And most of Disney America was recycled into California Adventure: Bountiful Farms was retained, the rides at State Fair USA became Paradise Pier, an Indian-village white-water canoe ride became Grizzly Peak, and a 3D-stereo Civil War experience was later used as the new preshow to Disneyland’s Mr. Lincoln.

    And back when Paul Pressler thought new 00’s movies would liven up “outdated” Walt-era attractions, there were plans to turn 20,000 Leagues into “Atlantis”, but….then the movie came out.
    Similarly, Beastly Kingdom was reduced to just one “Dragon Mountain” ride, but when tying it to “Reign of Fire” didn’t turn out to be such a hot idea, they decided to go with the “geographical” angle and make it Mt. Everest instead…But hey, at least the Yeti’s mythical.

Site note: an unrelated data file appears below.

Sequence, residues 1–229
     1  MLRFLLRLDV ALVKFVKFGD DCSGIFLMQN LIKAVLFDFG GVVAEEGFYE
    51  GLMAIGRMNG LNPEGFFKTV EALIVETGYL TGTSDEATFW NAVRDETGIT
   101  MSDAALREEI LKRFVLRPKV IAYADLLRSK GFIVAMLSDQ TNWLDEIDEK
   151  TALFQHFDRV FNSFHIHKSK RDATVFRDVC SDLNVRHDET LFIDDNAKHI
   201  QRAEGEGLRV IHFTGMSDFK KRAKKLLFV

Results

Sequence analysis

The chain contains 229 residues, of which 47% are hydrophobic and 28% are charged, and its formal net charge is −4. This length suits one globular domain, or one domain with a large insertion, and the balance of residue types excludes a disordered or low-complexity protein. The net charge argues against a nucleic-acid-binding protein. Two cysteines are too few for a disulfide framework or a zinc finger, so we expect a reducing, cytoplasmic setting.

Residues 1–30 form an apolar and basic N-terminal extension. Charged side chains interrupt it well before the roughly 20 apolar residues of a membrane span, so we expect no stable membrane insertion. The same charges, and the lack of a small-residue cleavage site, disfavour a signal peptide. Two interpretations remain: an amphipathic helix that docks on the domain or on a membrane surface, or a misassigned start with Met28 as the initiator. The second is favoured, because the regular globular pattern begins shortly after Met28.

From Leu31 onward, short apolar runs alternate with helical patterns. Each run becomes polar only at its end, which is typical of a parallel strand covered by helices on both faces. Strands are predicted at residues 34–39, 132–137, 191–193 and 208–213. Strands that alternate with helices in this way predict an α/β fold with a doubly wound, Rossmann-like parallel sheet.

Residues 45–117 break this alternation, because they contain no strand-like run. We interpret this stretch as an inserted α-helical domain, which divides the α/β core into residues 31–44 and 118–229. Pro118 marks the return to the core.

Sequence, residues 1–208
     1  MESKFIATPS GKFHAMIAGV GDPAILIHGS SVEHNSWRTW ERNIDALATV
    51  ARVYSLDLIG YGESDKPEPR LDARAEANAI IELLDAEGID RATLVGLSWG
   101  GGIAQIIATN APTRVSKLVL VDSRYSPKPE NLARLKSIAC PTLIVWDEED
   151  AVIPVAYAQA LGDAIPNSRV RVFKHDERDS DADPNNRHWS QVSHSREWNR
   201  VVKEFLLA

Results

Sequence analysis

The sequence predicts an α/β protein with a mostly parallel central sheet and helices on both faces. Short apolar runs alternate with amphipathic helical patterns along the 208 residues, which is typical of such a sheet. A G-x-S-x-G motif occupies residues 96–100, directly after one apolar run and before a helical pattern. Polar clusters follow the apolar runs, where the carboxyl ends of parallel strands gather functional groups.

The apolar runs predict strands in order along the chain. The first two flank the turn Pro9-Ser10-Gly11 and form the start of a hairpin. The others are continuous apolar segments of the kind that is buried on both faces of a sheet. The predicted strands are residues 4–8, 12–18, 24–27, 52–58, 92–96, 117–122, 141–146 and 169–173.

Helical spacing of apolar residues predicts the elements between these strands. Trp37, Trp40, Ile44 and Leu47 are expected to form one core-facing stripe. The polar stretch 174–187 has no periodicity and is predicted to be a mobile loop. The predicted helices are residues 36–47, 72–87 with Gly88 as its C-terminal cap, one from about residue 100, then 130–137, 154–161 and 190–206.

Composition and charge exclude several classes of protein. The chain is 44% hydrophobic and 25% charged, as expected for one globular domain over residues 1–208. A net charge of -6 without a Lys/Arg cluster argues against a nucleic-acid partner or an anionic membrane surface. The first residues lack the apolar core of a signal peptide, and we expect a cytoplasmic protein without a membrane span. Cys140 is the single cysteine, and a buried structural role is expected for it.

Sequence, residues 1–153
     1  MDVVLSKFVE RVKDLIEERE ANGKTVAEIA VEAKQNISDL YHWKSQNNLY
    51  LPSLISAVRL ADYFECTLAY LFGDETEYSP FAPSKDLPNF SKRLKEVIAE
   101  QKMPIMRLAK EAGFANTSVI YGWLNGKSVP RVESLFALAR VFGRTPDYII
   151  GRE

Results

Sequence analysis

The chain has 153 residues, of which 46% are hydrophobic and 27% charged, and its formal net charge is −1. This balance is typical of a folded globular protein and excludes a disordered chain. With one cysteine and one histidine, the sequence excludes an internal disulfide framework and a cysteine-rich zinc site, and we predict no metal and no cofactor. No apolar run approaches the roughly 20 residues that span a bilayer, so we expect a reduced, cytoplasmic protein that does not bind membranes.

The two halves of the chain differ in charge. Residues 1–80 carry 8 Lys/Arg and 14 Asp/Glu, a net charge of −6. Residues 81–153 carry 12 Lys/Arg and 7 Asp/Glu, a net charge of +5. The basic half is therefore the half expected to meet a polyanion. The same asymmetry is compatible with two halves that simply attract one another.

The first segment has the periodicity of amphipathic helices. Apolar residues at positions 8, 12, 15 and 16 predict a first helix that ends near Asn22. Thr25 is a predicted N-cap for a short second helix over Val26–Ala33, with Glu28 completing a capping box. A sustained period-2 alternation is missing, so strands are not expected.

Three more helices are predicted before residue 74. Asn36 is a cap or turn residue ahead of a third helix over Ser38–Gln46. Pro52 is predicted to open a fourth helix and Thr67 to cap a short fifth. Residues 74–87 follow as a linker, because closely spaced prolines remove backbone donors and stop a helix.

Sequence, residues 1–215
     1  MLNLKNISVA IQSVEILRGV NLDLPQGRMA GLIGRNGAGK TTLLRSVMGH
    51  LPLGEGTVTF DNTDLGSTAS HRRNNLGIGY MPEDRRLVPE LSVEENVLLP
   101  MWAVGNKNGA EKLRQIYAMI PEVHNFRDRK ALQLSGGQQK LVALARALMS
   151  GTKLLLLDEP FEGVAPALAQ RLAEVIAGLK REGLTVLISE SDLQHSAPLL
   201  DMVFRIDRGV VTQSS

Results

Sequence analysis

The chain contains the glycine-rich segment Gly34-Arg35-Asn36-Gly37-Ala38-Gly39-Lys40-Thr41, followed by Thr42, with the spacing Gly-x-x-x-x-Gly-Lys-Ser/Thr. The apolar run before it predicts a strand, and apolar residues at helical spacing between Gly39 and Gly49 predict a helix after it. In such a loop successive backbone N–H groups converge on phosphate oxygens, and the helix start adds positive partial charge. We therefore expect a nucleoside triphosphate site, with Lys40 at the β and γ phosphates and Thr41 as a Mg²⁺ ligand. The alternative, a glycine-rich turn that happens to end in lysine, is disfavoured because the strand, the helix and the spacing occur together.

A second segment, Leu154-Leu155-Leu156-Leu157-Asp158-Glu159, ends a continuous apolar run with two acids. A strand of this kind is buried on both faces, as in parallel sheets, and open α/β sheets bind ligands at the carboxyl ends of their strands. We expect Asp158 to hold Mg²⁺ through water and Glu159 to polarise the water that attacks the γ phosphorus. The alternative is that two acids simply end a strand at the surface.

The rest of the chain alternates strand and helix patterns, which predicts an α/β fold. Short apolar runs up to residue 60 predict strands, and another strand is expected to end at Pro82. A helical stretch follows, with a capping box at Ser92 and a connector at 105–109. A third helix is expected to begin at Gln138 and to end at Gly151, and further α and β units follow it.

And come to think of it, we never did get that Pixie Hollow meet area at New Fantasyland, either, when Cinderella and Aurora lost theirs (in favor of Seven Dwarves’ Mine Train).

    1. Donald Task

      Mt. Fuji roller coaster was indeed in planning. Though since the Japanese people consider Mt. Fuji to be a sacred location, it was scrapped. There’s concept art on the Disney World Special featuring John Lithgow. However, I never heard of any Godzilla features…that sounds like a rumor to me, and rather insulting to the Japanese People.

  7. Beastly Kingdom and the Steampunk Discovery Bay sounded like really cool ideas

  8. A Russian pavilion would be a dream for me as well as my family. Additional countries represented in the showcase would be more of a draw than people realize.

  9. Casey

    I still think Disney should work something out with BBC. I have always thought Stitch was begging to be a Doctor Who attraction. The theater just screams inside of the Tardis and now that it’s only seasonal to permanently closed. It’s a great way to use what’s there to draw people in.

  10. Victoria

    I’d like to see new countries added to Epcot